1
\$\begingroup\$

I know the diodes facing each other are for ESD protection, but what do the diodes facing opposite do ?

The circuit is basically a 24V (usually used in industry) digital output.

enter image description here

\$\endgroup\$
5
  • \$\begingroup\$ It looks like the dotted line encircles an optocoupler/isolator? It may be a good idea to explain what you are showing us. \$\endgroup\$
    – Bort
    Commented Jul 11, 2018 at 13:31
  • \$\begingroup\$ @Bort, it's the digital output circuitry on an industrial controller. \$\endgroup\$
    – Salman
    Commented Jul 11, 2018 at 13:37
  • 2
    \$\begingroup\$ They probably represent the body diodes of what seems to be an optical mosfet. \$\endgroup\$
    – dim
    Commented Jul 11, 2018 at 13:38
  • 3
    \$\begingroup\$ Also, this is not a push-pull configuration. Push-pull is when you have a digital output that either source power from the positive supply rail, or sink power to the ground. Here, you have no positive supply rail, or even ground. The output here acts more like a relay. There are two FETs because it is bidirectional, but not push-pull. \$\endgroup\$
    – dim
    Commented Jul 11, 2018 at 13:41
  • \$\begingroup\$ There are many variations of this Opto-coupled SSR or BOSFET design ranging from 250V to x kV and 20mA to x Amps and $1 to $xxx mouser.com/datasheet/2/427/vor1121a6-1076514.pdf \$\endgroup\$ Commented Jul 11, 2018 at 16:21

2 Answers 2

8
\$\begingroup\$

The two diodes within the dotted line represent the bulk parasitic diode in parallel with each MOSFET as per this diagram of a solid state relay (SSR): -

enter image description here

what do the diodes facing opposite do

When both MOSFETs are activated the MOSFETs will offer low on-resistance and shunt their respective parasitic diodes. You need two back-to-back MOSFETs in a SSR so that you avoid half-wave conduction on AC - that's the problem of having a bulk diode in parallel with a MOSFET.

MOSFETs will operate as switches with a negative supply voltage but this is restricted to about -0.6 volts because of the bulk diode: -

enter image description here

Picture source.

Notice the light blue curve for Vgs at 0 volts (device off) - conduction in reverse (due to the diode) starts at a shade over -0.5 volts but closer to 0 volts the MOSFET can act as a negative voltage switch and has a very similar characteristic when the voltage is positive or negative. So, the back-to-back MOSFET configuration acts as a true AC switch with an on-resistance double that of a single MOSFET. So basically, the diodes are not called into conducting much current at all; when the MOSFETs are off the diodes are blocking and when the MOSFETs are both on, the diodes are shunted by their respective drain source on-resistances.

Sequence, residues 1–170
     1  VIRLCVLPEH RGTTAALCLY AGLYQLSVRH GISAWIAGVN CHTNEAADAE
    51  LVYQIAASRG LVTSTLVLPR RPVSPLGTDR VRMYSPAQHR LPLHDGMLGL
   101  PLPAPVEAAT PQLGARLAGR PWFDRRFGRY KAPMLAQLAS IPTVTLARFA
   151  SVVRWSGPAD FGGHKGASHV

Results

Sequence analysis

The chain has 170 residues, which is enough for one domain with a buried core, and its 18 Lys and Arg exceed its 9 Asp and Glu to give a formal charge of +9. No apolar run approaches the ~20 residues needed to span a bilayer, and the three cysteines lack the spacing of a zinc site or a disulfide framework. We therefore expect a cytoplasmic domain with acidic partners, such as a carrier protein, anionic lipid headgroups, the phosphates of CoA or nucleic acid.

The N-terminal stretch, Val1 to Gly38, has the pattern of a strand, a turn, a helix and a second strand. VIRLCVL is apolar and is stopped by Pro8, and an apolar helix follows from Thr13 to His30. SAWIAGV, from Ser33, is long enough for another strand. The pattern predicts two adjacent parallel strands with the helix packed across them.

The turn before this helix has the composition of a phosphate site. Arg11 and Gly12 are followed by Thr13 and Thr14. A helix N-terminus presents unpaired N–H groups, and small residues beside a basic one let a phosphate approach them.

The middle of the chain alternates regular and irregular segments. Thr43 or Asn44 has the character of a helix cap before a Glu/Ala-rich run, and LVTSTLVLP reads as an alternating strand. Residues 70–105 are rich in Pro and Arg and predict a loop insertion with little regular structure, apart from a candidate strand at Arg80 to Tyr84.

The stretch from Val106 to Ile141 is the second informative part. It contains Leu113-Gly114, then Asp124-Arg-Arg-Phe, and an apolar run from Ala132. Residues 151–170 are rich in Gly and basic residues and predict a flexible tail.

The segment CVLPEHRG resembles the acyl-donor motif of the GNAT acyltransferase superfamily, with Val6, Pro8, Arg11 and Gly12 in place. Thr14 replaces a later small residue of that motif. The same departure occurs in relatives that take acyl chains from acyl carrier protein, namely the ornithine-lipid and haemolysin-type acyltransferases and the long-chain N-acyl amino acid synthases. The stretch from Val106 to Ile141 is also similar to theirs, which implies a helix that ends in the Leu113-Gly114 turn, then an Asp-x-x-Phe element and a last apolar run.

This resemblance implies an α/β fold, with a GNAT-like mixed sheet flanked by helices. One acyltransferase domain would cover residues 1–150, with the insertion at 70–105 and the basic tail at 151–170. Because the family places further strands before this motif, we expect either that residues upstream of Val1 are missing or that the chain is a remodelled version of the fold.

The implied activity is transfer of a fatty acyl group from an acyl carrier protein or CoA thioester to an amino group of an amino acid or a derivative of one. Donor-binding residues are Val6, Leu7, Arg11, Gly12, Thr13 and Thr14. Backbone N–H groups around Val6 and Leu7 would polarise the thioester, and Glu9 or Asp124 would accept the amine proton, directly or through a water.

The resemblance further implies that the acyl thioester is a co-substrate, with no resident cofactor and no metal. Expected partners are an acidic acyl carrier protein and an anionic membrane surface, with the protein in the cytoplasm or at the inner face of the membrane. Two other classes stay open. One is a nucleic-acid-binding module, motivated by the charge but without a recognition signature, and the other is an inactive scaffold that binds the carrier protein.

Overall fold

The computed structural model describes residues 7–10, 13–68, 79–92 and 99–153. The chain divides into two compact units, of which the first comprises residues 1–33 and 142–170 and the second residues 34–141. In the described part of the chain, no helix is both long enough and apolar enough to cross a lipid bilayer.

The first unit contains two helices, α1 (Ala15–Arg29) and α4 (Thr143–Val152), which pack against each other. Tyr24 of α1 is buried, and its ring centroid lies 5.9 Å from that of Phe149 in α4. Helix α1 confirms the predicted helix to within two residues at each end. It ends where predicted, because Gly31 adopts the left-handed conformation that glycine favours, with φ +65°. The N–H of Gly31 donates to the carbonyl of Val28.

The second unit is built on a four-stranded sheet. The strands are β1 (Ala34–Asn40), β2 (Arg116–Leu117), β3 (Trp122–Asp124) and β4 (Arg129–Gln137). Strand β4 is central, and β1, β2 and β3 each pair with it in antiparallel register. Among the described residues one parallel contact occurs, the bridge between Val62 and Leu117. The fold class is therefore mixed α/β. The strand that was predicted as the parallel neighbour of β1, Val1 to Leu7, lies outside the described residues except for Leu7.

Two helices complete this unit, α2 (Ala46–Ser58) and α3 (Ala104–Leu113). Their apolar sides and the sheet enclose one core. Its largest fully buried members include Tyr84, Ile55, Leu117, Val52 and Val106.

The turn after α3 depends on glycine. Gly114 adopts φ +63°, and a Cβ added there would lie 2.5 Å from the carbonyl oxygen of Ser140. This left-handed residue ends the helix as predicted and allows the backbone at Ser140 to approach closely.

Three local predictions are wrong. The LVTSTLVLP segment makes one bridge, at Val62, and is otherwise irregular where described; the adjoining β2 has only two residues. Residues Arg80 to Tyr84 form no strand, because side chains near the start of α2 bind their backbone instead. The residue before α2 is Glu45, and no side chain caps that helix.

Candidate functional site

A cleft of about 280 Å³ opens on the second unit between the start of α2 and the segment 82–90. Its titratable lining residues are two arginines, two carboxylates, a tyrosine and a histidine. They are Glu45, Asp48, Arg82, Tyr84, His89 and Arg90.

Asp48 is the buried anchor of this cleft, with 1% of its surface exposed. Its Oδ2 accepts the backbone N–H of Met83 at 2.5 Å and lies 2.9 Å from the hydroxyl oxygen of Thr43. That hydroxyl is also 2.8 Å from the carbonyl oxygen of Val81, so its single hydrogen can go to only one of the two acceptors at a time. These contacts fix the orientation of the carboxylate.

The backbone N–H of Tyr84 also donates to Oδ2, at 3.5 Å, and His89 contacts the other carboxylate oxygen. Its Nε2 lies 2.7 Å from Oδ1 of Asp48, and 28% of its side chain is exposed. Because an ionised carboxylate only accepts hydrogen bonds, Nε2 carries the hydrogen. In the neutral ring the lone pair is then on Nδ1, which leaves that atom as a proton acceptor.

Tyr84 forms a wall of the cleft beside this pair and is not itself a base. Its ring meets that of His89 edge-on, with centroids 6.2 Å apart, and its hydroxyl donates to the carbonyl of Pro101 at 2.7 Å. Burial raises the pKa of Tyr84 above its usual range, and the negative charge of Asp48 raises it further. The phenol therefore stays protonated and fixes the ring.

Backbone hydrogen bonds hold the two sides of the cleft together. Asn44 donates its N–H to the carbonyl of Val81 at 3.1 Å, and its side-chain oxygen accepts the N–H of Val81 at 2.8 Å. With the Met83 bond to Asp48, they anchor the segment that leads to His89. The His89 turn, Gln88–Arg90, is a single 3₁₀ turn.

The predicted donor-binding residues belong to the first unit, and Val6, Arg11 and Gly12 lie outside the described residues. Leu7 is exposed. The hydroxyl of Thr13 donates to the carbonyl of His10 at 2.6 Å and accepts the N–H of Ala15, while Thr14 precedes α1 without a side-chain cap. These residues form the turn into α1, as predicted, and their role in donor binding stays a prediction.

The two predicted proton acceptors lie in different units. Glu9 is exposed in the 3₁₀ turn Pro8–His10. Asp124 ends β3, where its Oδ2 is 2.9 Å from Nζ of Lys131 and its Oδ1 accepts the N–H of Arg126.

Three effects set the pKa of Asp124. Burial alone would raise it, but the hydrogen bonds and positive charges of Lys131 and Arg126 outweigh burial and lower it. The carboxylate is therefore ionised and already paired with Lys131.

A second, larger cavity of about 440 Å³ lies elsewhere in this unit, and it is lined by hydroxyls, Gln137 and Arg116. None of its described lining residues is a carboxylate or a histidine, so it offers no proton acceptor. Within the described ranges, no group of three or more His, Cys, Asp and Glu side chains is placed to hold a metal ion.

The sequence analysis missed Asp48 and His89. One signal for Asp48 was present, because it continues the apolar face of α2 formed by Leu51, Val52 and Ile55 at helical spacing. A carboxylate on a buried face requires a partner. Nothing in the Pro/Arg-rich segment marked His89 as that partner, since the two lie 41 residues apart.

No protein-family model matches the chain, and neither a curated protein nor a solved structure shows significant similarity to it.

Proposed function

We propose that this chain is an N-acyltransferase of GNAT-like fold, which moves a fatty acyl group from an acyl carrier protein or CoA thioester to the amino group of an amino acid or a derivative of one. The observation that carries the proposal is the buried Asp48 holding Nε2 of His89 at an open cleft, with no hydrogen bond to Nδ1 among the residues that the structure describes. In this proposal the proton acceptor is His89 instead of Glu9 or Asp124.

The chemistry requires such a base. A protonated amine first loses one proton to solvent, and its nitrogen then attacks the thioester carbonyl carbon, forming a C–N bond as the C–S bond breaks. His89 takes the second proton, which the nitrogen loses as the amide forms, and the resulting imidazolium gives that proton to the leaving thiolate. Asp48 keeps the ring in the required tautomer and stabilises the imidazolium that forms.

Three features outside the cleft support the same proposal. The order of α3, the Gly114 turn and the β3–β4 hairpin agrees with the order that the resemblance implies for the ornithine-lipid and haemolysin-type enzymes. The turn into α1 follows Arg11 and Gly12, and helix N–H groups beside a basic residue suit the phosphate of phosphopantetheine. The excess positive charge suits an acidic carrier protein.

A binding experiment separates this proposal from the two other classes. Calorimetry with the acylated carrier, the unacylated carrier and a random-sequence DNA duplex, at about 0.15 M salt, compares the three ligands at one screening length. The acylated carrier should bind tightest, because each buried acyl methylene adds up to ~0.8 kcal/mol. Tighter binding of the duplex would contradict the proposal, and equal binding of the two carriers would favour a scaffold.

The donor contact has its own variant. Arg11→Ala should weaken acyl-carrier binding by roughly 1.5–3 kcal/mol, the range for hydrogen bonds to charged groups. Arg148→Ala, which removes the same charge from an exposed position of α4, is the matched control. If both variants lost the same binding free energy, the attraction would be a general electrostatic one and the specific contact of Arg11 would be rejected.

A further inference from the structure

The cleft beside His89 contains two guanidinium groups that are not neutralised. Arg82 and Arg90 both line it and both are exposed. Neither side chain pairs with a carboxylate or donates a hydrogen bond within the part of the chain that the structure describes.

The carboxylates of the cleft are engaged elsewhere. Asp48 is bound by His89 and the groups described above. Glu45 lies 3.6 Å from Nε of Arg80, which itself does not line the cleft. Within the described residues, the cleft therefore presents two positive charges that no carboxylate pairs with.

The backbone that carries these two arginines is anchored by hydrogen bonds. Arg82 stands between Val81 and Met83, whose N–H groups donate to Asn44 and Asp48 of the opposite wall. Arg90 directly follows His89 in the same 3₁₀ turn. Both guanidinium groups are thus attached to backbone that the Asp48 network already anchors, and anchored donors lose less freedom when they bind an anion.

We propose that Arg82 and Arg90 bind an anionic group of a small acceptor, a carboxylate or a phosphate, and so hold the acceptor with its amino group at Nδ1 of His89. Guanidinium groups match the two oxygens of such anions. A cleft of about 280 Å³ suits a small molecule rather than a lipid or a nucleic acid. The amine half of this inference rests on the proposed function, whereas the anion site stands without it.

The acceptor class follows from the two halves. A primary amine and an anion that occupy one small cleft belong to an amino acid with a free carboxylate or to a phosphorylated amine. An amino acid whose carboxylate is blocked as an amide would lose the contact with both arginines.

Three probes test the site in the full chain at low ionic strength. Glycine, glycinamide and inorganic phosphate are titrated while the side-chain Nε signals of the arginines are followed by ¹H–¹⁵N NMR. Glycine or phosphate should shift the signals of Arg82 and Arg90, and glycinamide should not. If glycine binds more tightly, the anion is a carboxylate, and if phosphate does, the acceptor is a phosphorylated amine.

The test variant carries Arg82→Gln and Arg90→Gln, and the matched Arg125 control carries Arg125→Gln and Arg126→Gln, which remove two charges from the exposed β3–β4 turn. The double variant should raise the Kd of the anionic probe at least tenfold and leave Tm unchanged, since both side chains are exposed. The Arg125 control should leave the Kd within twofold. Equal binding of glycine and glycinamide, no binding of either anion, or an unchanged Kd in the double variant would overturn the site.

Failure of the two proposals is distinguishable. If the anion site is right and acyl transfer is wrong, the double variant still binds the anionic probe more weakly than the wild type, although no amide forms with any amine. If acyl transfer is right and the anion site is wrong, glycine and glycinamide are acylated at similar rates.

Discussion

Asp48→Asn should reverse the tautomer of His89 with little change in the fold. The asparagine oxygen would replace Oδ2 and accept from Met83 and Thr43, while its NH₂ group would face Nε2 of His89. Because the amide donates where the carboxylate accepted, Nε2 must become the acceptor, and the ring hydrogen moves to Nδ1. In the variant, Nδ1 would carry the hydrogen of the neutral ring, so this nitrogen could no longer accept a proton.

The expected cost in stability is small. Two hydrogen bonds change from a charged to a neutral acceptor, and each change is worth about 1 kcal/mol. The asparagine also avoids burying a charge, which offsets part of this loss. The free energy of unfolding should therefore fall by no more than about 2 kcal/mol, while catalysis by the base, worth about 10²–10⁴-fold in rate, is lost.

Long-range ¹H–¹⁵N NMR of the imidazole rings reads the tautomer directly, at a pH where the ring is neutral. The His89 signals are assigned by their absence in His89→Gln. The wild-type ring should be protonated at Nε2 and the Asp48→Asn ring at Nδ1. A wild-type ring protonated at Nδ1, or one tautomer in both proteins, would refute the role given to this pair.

\$\endgroup\$
5
\$\begingroup\$

This is not a "push-pull" configuration. In a push-pull the common node between the 2 transistors would be the output. Then one transistor can "pull" current while the other can "push" current.

You should show the source of this drawing for completeness.

My interpretation of the two MOSFETs in series is that the component in the dotted line supports AC current, a current can flow in either direction. In theory it is possible to use only one MOSFET for that but in practice there will be an issue with properly biasing of the substrate of the MOSFET to make the MOSFET go off when it needs to.

The practical solution is to allow only one direction of the current through each MOSFET. That then requires the use of two MOSFETs in series. The substrate (bulk or body) of a MOSFET is then connected to its source. If you look up how MOSFETs are constructed and then you'll learn that both drain and source have a diode to the substrate. The diodes in your schematic are the drain-substrate diodes of each MOSFET. They cannot be avoided, they're an integral part of the MOSFETs.

Here these drain-substrate diodes actually help as they conduct the current preventing the MOSFET from having to work with a reversed current.

So when the current flows from top to bottom the top MOSFET and bottom diode conduct. When the current flows from bottom to top the bottom MOSFET and the top diode conduct.

\$\endgroup\$
2
  • \$\begingroup\$ thats what I thought earlier, in positive cycle, upper mosfet and lower diode conducts and in negative cycle lower mosfet and upper diode conducts, but according to the wiki page "solid state Relay" and Andy's answer, the issue with one mosfet is that when it's off, the diode will conduct in -ve cycle, so they put two mosfets in series back to back, so their diodes face opposite, now if the mosfets are off, no current can flow through diodes, when on, both mosfets will conduct and when off both mosfets will be off, it's not possible for one mosfet to be on and other to be off in these devices \$\endgroup\$
    – Salman
    Commented Jul 11, 2018 at 18:06
  • \$\begingroup\$ yes, you are right it's not push pull, the configuration looks similar to push-pull at a first glance, I'll change the title to remove confusion, thanks \$\endgroup\$
    – Salman
    Commented Jul 11, 2018 at 18:07

Your Answer

By clicking “Post Your Answer”, you agree to our terms of service and acknowledge you have read our privacy policy.

Not the answer you're looking for? Browse other questions tagged or ask your own question.